Directly watching in slow-motion videos how electrons move in quantum mechanical orbitals and how this motion shapes the functionalities of condensed matter has been a dream shared by all natural and life sciences. Yet, this vision comes with the daunting challenge of mapping the microscopic structure of electronic orbitals with simultaneous ultrafast time resolution.
We will turn orbital cinematography into reality. This seminal breakthrough will rely on the unique synergies between photoemission orbital tomography (POT), ultrafast photoelectron spectroscopy, lightwave electronics and advanced theory, developed and pioneered by us. Secured by our recent proof-of-principle studies, we will combine these aspects to transform POT to a cinematography at unprecedented time scales, faster than a single oscillation period of light. This will allow us to systematically explore the nanocosmos on its intrinsic femto- to attosecond (the billionth part of a billionth of a second) scales. We will take actual slow-motion movies of molecular orbitals during charge transfer processes, surface chemical reactions, and wave packet motion driven by lightwaves.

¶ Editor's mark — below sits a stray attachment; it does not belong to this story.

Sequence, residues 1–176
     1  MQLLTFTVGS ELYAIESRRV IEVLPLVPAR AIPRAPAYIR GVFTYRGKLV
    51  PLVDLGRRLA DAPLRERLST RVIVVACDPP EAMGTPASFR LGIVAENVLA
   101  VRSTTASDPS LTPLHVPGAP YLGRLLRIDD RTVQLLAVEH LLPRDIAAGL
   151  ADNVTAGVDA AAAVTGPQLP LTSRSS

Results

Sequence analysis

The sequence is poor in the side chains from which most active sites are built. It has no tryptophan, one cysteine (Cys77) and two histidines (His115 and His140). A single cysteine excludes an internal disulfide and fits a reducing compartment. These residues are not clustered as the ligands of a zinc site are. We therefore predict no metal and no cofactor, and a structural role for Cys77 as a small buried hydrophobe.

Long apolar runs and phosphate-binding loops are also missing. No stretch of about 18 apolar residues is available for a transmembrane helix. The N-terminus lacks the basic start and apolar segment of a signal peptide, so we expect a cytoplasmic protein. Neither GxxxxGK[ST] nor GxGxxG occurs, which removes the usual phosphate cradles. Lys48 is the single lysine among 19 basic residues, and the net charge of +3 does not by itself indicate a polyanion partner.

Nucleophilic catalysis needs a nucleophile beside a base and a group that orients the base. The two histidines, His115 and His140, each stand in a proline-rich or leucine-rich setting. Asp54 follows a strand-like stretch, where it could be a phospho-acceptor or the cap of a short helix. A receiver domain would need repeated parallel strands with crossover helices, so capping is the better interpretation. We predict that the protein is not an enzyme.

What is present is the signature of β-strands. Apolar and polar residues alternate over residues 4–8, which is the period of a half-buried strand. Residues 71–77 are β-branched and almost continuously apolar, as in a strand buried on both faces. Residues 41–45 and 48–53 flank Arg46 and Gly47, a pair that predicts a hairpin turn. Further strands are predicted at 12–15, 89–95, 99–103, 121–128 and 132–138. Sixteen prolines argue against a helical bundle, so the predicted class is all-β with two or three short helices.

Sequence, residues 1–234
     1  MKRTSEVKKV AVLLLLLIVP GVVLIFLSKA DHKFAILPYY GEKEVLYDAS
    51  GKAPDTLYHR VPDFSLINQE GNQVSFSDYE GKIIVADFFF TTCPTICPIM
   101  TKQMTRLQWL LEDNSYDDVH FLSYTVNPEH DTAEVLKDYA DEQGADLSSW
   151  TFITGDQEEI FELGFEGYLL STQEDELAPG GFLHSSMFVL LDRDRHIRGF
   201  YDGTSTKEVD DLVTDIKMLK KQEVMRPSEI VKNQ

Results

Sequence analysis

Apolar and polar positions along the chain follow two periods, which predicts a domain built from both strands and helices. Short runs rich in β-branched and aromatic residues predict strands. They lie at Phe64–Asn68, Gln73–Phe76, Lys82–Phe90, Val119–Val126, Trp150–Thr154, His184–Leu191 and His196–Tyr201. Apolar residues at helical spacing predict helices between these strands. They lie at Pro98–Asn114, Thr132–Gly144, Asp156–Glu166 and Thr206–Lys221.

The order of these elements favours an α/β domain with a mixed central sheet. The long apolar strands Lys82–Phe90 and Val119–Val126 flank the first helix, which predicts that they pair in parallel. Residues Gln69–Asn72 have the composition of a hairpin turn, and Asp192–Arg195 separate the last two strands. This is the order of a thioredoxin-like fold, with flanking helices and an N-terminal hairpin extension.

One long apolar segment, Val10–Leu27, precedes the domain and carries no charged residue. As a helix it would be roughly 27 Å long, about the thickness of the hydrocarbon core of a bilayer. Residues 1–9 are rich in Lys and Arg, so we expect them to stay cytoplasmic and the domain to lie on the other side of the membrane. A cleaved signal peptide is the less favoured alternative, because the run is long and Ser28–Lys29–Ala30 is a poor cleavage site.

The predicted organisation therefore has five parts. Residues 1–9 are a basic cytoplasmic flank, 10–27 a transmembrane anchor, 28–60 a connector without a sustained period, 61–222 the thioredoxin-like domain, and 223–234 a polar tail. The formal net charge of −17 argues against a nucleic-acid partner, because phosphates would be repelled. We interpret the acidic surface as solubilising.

Orbital Cinema will thus resolve key questions related to a wide range of applications, from next-generation optoelectronics, energy conversion, photochemistry and catalysis to prospective electronics at optical clock rates. We expect it to revolutionize our understanding of the nanocosmos by elucidating – on elementary spatio-temporal scales – the inner structure of quantum leaps, strong-field control of electrons, charge transfer processes, and chemical reactions as well as their control by electric fields and light.
Since the dawn of quantum mechanics, the temporal evolution of electronic orbitals has been among the most sought-after, yet elusive quantum processes. Our model-free observation of orbital motion establishes an unprecedented ultrafast wave function lab that will carry us to the very foundations of quantum science.
This research is funded by an ERC Synergy Grant: Orbital Cinema.